Mary Teresa Pezzati Rotolo Bowes (January 28, 1910 – September 27, 1990) was an American writer and political activist. Her daughters were Carla and Suze Rotolo. Suze Rotolo was one of Bob Dylan's early girlfriends in New York City.
Mary was born in Roxbury, Massachusetts, on January 28, 1910, the daughter of Italian immigrants Sisto Pezzati and his wife Cesarina née Opizzi. Her older brother was Pietro Pezzati, who was a noted American portrait painter.
While in Boston, Rotolo dated B. F. Skinner and was acquainted with Conlon Nancarrow, who later renounced his American citizenship because of his membership in the Communist Party. In the 1930s, she traveled to Spain supposedly to report on the Spanish Civil War but she was, in fact, working for the communists as a courier between Spain and Italy supplying American passports for Italian communists so they could leave Italy and join the International Brigades fighting in Spain. On her return, she went to New York City, where she wrote for various liberal newspapers.
Marriage and children
Mary was married three times. She first married Dominic Testa in Boston, Massachusetts, on March 28, 1933. On July 1, 1933 while taking a sailboat trip along the Eastern United States coast her husband fell overboard and drowned. His body was never recovered.
In March 1940, she married Joachim Rotolo in New York and they had two daughters, Carla and Susan (Suze). Mary and her husband were also friends with American writer Charles Flato who, it was discovered only in the 1990s, was a Soviet spy.
Joachim Rotolo died of a heart attack on February 18, 1958, before Suze met and lived with Bob Dylan in the early 1960s. When Mary's daughters knew Bob Dylan she thought very little of him and later remembered him as "a twerp" and informed Bob Dylan biographer Howard Sounes, that he had "green teeth", was not generous with money, and that his attitude left a lot to be desired adding: "I didn't trust him and I didn't like him and I certainly didn't want him living under the same roof as my daughter."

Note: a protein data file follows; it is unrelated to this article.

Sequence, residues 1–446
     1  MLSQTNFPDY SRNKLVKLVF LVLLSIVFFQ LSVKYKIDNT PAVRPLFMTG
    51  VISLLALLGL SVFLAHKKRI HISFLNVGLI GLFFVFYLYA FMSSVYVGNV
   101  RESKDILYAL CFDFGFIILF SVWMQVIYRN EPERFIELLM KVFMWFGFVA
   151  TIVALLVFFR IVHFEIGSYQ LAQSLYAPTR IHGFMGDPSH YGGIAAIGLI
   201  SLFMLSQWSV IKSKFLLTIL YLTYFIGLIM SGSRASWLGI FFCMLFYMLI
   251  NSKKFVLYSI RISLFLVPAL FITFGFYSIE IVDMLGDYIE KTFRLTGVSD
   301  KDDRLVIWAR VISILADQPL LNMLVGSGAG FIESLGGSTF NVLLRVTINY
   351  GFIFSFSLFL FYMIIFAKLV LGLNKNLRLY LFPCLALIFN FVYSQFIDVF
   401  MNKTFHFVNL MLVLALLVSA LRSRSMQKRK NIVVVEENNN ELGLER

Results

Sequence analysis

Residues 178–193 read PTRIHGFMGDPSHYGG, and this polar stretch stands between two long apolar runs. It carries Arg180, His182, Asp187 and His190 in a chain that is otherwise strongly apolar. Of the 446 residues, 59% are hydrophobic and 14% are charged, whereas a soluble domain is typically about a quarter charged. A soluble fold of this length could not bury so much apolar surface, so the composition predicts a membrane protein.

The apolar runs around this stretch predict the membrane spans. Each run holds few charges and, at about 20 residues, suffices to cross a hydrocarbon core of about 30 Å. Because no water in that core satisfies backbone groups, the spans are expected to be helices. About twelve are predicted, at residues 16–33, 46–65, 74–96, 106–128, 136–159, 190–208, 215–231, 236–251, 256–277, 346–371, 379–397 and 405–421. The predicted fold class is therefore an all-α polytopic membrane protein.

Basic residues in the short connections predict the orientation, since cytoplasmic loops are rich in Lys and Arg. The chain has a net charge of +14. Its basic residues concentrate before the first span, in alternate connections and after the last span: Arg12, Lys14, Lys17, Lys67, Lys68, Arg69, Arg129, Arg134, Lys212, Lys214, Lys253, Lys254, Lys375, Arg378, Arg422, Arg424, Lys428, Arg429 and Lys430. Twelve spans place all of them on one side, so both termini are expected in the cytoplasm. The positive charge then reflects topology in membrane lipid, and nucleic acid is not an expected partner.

Dylan had this to say about his girlfriend Suze's mother: "Mary, though, who worked as a translator for medical journals, wasn't having it. Mary lived on the top floor of an apartment building on Sheridan Square and treated me like I had the clap. If she would have had her way, the cops would have locked me up. Suze's mom was a small feisty woman-volatile with black eyes like twin coals that could burn a hole through you, was very protective. Always make you feel like you did something wrong. She thought I had a nameless way of life and would never be able to support anybody, but I think it went much deeper than that. I think I just came in at a bad time. She glared at me, cigarette in her mouth. She was always trying to goad me into some kind of argument. My presence was so displeasing to her, but it's not like I'd caused any trouble in her life. It wasn't me who was responsible for the loss of Suze's father or anything. Once I said to her that I didn't think she was being fair. She stared squarely into my eyes like she was staring at some distant, visible object and said to me, 'Do me a favor, don't think when I'm around.' Suze would tell me later that she didn't mean it. She did mean it, though. She did everything in her power to keep us apart, but we went on seeing each other anyway."
Mary Pezzati's concerns as to Dylan's character were realized to a certain extent when Suze Rotolo discovered that he was not only conducting an affair with Joan Baez, but also with a married woman, Sara Lownds and also expressed a desire to continue his relationship with Rotolo.
- The Shaping of a Behaviorist: Part Two of An Autobiography, B. F. Skinner, page 373, 1979.
- A Freewheelin' Time, Suze Rotolo, page 171.
- A Freewheelin' Time, Suze Rotolo, pages 36, 69, 80, and 171.
- Sounes, Howard. Down the Highway: The Life Of Bob Dylan Doubleday 2001. ISBN 0-552-99929-6
- http://www.pbs.org/wnet/americanmasters/dylan/index8.html American Masters
- Howard Sounes, Down the Highway, The Life Of Bob Dylan Doubleday 2001. p188-90. ISBN 0-552-99929-6